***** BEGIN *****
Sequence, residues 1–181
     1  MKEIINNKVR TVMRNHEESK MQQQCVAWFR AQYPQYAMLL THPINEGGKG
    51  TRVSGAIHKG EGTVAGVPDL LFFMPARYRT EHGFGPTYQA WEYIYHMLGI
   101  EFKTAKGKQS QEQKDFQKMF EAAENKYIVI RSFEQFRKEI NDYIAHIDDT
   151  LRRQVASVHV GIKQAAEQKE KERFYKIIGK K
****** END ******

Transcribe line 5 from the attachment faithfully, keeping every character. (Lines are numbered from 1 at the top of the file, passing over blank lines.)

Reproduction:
   151  LRRQVASVHV GIKQAAEQKE KERFYKIIGK K